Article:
Nanning Entertainment Overview

Nanning Entertainment Overview

The entertainment options in Nanning are, like most Chinese cities, split between the modern and the traditional. Clubs such as the Oudi Entertainment Club and the Boiling Time Disco Club are popular, as are the bars and clubs in the city's hotels. Although Nanning is the capital of the Guangxi Zhuang Autonomous Region, it has nothing like the cosmopolitan life available in Shanghai and Beijing, so visitors may wish to embrace the popular Chinese pastime of singing the night away in one of the city's many KTV bars.

The calendar of festivals celebrated in Nanning includes the traditional Chinese Festivals celebrated across the country. The Chinese New year is marked by the Spring Festival, during which Nanning is alive to the sounds of fireworks and gift-giving as families come together to wish each other luck for the new year. The Mid-Autumn Festival is celebrated six moths later under the light of a full moon, when groups converge again to swap good wishes, moon cakes and fruit. The Dragon Boat Festival celebrated in Nanning is a vibrant time too, when boats holding anywhere from 20 to 100 rowers compete for a variety of prizes in boats intricately carved with the head and tail of a dragon.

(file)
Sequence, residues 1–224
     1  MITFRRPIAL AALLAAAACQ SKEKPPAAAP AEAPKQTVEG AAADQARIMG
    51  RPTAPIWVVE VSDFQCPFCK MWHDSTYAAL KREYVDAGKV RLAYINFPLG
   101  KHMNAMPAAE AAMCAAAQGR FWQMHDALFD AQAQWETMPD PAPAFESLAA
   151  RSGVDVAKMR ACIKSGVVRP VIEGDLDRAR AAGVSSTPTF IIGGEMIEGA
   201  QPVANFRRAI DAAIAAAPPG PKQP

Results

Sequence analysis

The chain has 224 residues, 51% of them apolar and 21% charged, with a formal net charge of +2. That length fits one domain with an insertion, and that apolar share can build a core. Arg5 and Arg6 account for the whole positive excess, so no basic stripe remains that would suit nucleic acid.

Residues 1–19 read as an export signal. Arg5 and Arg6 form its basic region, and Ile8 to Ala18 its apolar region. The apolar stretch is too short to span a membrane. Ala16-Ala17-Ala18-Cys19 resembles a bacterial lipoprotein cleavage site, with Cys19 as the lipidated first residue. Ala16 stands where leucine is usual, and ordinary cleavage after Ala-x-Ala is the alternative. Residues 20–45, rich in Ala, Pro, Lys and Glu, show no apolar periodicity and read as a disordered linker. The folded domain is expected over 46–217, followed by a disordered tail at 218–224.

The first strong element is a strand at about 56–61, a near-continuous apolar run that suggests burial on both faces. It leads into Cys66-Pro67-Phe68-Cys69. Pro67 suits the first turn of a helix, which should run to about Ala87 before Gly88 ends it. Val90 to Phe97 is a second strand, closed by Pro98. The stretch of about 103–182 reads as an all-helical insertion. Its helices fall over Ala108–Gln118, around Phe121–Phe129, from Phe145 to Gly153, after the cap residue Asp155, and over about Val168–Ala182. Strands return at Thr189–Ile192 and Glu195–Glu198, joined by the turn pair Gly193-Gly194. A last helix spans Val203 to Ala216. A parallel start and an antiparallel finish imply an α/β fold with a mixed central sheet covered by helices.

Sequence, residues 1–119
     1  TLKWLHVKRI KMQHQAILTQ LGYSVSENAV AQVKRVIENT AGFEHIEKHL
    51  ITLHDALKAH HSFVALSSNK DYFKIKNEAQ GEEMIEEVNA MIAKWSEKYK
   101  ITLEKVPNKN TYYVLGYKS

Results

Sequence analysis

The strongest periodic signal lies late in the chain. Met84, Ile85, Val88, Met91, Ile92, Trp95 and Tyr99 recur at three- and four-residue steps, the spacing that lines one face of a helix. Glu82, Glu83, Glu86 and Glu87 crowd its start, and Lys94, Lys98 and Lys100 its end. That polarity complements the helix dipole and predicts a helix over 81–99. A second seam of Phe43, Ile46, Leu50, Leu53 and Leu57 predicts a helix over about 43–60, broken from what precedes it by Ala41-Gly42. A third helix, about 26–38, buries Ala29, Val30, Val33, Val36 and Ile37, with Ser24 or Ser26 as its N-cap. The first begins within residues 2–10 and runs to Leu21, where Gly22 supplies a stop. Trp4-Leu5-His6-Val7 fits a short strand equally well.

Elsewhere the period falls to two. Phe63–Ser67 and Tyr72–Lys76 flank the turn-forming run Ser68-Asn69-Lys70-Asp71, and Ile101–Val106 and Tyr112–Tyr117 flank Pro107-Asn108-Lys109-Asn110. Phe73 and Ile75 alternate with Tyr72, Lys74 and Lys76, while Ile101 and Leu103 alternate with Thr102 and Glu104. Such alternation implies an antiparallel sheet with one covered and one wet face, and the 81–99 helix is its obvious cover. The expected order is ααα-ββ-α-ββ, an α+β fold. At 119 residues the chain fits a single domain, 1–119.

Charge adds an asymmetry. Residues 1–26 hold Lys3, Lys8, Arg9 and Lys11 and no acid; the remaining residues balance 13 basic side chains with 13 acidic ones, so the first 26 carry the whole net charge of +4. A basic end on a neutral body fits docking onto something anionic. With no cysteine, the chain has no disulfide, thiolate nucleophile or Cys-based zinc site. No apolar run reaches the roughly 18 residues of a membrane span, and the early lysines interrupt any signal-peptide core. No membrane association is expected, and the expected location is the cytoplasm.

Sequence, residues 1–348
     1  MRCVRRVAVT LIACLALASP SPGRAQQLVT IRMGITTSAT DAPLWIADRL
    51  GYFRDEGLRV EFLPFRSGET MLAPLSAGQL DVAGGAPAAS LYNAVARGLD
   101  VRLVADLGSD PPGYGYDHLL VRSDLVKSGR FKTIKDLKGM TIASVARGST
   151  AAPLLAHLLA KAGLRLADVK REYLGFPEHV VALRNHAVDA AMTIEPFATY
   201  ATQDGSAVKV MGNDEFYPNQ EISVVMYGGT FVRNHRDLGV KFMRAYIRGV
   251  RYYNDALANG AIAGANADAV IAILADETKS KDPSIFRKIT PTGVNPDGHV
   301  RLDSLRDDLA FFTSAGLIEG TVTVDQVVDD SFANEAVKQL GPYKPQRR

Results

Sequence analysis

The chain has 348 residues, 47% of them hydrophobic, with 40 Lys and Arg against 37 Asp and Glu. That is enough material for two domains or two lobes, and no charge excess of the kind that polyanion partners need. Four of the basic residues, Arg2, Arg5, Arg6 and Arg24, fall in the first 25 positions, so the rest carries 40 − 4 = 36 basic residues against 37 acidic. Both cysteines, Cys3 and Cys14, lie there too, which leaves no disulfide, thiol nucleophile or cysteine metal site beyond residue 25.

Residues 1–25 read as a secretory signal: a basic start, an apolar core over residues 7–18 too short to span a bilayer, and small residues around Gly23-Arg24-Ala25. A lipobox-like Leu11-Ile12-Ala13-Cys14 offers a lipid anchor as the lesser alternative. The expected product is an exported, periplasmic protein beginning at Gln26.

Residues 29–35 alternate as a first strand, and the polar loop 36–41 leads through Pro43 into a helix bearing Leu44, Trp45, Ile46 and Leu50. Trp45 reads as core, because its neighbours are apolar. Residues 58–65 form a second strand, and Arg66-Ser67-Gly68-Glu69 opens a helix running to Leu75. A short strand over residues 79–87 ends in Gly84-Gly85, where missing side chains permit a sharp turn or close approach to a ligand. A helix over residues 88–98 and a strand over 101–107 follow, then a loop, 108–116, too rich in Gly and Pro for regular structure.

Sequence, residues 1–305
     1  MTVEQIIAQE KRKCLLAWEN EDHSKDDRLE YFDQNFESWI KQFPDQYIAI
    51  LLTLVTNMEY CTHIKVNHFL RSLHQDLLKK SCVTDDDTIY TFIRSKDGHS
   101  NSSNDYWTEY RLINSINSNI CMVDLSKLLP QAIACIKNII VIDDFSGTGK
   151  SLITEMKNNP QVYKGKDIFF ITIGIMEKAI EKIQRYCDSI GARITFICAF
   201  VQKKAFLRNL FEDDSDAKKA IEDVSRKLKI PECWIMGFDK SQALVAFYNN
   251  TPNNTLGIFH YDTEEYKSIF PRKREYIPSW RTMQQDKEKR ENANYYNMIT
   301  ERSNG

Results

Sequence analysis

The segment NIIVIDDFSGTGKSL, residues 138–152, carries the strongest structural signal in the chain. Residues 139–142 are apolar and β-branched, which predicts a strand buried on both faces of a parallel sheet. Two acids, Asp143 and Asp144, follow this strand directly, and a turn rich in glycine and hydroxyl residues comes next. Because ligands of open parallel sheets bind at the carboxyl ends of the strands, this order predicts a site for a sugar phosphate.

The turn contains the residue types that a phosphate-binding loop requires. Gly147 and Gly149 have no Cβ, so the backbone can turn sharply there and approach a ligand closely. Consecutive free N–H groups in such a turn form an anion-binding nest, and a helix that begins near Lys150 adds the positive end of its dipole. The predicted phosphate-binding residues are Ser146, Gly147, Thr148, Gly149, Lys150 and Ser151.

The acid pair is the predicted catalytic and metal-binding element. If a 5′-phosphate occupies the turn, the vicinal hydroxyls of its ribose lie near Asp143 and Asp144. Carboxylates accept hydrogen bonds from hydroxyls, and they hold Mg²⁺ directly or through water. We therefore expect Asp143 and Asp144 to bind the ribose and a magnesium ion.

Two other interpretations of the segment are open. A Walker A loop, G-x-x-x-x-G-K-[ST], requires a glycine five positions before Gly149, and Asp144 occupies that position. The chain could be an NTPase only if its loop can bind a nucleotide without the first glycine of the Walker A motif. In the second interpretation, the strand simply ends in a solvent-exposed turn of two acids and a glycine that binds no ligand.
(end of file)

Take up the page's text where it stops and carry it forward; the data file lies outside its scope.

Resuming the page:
The folk performances in Nanning available for visitors to enjoy are extensive. These include the Lion Dance which mimics the majestic animal's movements and the Bull Dance. Two Opera styles are also well known in the city: Shigong Opera and Yong Opera. The form known as Shigong Opera is made up of two styles: Pinghua and Zhuanghua. Pinghua incorporates martial arts into the performances, using props such as masks, knives and swords, and an number of fixed forms. The Zhuanghua Opera has no such fixed forms, and little dialogue. All of the operas can be enjoyed during festival times, and at the Guangxi Concert Hall. The Zhuang ethnic group has been known for their singing and performing for a long time, and the Guangxi international Folk Song Festival was founded in 1993 to formalize the folk singing, attracting performers from international destinations and groups sharing the traditional music of their own cultures.

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